“Is this the way to Macclesfield?”
Books like Alan Garner’s The Weirdstone of Brisingamen and The Owl Service and Susan Cooper’s The Dark Is Rising series were huge favourites of mine when I was a wee laddie, so I quite most intrigued to hear that a radio adaptation had been made of the former for Radio 4. Peter Thomson’s dramatization condenses the novel down to a highly atmospheric hour as this children’s fantasy tale winds its way around the ancient mysteries hidden on Alderley Edge. The story starts with Colin and Susan, young siblings who are sent to stay with old family friends in Cheshire whilst their parents are away, and who soon find themselves sucked into a mystical battle between the forces of good and evil who are all hunting for the Weirdstone which has gone missing and which looks strangely like the jewel at the heart of Susan’s favourite bracelet.
Thomson has the tale narrated by an older version of Colin, a technique I’m not normally a fan of but one which works extremely well here, especially as he is played by Robert Powell whose sonorous tones are soothingly ideal for the purpose. And Jane Morgan’s production is inspired in its use of music (by Mia Soteriou) and special effects (by Wilfredo Acosta) to quickly establish the necessary atmosphere of ancient mystery and peril. She’s cast her play astutely too: Trevor Cooper’s booming guardian Gowther is brilliant, Philip Voss’ voice epitomises weary wisdom and Monica Dolan is a perfect choice for the wicked Selina Place. And with Hugo Docking and Fern Deacon full of youthful energy and wonder as Colin and Susan, it’s a rather wonderful hour of radio entertainment.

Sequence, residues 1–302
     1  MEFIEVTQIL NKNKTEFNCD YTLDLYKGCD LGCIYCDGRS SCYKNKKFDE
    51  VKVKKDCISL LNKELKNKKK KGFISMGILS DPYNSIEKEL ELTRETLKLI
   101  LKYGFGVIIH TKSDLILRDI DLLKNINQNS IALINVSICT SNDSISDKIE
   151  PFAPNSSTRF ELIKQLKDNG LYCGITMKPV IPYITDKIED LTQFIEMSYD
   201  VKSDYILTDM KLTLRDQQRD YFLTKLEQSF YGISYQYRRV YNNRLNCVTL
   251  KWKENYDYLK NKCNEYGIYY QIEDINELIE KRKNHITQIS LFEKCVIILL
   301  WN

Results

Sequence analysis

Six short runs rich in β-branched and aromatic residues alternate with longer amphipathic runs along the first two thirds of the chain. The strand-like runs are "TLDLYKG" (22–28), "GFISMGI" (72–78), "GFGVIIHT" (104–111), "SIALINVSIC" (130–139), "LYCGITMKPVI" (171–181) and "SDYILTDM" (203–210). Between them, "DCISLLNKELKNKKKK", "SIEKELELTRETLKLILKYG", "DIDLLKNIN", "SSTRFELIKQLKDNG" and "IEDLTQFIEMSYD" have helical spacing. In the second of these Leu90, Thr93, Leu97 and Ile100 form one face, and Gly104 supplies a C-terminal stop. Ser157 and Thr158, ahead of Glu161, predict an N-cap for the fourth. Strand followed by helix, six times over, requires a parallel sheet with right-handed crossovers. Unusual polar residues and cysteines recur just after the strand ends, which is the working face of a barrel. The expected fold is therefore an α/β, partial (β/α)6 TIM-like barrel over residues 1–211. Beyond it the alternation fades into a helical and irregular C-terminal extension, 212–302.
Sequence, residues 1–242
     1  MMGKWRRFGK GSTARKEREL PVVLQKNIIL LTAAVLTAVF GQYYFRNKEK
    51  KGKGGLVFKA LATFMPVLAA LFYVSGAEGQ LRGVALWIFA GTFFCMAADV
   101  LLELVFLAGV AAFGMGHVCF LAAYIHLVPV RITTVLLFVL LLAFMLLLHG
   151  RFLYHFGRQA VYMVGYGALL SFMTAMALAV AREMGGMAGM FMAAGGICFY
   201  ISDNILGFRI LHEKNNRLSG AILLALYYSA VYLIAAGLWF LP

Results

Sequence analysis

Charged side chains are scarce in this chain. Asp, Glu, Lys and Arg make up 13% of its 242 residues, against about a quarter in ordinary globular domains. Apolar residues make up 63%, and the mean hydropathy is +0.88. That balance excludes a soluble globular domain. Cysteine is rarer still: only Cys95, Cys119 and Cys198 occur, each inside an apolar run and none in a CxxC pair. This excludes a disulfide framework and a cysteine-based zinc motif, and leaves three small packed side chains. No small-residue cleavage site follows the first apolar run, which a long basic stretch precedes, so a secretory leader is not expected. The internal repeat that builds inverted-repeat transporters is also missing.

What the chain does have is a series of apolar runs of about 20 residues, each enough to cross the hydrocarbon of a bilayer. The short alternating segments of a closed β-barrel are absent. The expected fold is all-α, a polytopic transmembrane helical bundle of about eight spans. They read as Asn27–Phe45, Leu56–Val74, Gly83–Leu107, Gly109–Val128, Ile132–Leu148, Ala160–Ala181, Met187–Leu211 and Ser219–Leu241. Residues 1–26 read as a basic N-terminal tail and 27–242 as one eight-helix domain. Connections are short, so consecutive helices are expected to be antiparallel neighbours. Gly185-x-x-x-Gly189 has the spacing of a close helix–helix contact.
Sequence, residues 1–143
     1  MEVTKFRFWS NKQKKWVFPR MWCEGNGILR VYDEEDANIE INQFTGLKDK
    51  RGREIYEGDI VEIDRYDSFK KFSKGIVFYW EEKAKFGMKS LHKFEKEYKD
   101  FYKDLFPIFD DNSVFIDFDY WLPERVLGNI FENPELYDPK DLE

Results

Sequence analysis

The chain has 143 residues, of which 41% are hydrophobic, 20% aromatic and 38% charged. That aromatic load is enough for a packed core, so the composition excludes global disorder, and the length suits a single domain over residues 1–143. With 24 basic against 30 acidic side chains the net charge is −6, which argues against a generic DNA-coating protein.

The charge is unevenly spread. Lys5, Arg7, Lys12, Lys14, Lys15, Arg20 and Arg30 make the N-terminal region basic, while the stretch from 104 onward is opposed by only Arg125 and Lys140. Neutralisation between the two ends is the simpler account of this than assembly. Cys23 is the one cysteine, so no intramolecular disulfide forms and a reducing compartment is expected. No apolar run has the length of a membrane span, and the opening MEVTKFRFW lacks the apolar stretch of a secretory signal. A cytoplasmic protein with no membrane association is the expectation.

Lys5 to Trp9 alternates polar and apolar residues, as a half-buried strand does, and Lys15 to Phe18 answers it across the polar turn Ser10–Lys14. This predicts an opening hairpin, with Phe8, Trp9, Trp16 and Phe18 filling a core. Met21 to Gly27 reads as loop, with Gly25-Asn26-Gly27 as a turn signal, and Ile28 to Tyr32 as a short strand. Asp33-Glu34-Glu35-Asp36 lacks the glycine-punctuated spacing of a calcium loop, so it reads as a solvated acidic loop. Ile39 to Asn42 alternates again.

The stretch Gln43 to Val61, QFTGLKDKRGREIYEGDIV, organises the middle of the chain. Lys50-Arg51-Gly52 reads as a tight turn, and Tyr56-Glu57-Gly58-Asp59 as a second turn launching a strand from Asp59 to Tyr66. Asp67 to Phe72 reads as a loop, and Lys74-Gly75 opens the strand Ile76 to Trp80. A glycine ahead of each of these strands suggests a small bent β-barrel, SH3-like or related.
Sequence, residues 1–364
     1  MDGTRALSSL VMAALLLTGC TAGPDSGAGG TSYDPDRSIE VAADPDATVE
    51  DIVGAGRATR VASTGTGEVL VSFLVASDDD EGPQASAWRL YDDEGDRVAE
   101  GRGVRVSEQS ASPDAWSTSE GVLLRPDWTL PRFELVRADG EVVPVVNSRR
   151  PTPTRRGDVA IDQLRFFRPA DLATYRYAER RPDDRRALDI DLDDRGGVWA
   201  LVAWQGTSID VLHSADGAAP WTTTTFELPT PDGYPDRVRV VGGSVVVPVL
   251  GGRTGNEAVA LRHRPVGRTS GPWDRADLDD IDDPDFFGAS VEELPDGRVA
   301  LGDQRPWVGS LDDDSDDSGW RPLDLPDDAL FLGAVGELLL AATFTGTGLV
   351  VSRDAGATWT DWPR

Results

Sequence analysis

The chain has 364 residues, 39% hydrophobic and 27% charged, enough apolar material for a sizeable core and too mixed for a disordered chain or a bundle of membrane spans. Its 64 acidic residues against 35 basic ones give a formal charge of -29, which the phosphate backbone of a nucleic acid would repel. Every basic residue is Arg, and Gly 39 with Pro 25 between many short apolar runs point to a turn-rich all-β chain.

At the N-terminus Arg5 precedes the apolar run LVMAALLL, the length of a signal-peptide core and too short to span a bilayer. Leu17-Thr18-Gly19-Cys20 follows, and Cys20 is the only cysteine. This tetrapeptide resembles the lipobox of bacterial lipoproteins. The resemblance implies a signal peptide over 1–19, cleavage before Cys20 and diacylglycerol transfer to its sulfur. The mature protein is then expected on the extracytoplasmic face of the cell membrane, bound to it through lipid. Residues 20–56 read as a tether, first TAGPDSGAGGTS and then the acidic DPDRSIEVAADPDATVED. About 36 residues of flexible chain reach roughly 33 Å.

And just a brief note about another radio play I’ve been meaning to blog about for a while, which I jusy haven’t gotten round to. Gillian Plowman’s Gracey and Me has really stuck with me as a piece of moving, exciting radio drama which I would highly recommend, it is gone from the iPlayer but is still available on Plowman’s own website. A tale of a British woman, Kate, who returns to the South Africa where she spent her girlhood and the complex relationship that she had with the family servant. Kate’s visit is mainly to make amends for something that occurred in the past but the scars of apartheid are still red raw and the good intentions are waylaid by events in the present which threaten to spiral seriously out of control. Harriet Walter and Jenny Jules are both excellent as the two women with a shared past and Henry Goodman puts on a good if a little disconcerting Afrikaans accent and I found it all really affecting.